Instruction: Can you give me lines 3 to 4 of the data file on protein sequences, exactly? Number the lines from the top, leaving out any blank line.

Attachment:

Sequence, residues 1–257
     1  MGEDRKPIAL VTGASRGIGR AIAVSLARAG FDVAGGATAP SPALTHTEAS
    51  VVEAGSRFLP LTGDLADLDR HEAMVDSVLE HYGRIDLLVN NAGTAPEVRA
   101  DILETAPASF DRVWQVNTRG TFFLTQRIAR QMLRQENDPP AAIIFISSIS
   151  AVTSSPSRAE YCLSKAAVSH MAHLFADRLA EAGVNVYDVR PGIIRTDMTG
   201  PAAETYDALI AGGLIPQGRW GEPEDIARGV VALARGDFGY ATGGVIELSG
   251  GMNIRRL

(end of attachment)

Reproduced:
    51  VVEAGSRFLP LTGDLADLDR HEAMVDSVLE HYGRIDLLVN NAGTAPEVRA
   101  DILETAPASF DRVWQVNTRG TFFLTQRIAR QMLRQENDPP AAIIFISSIS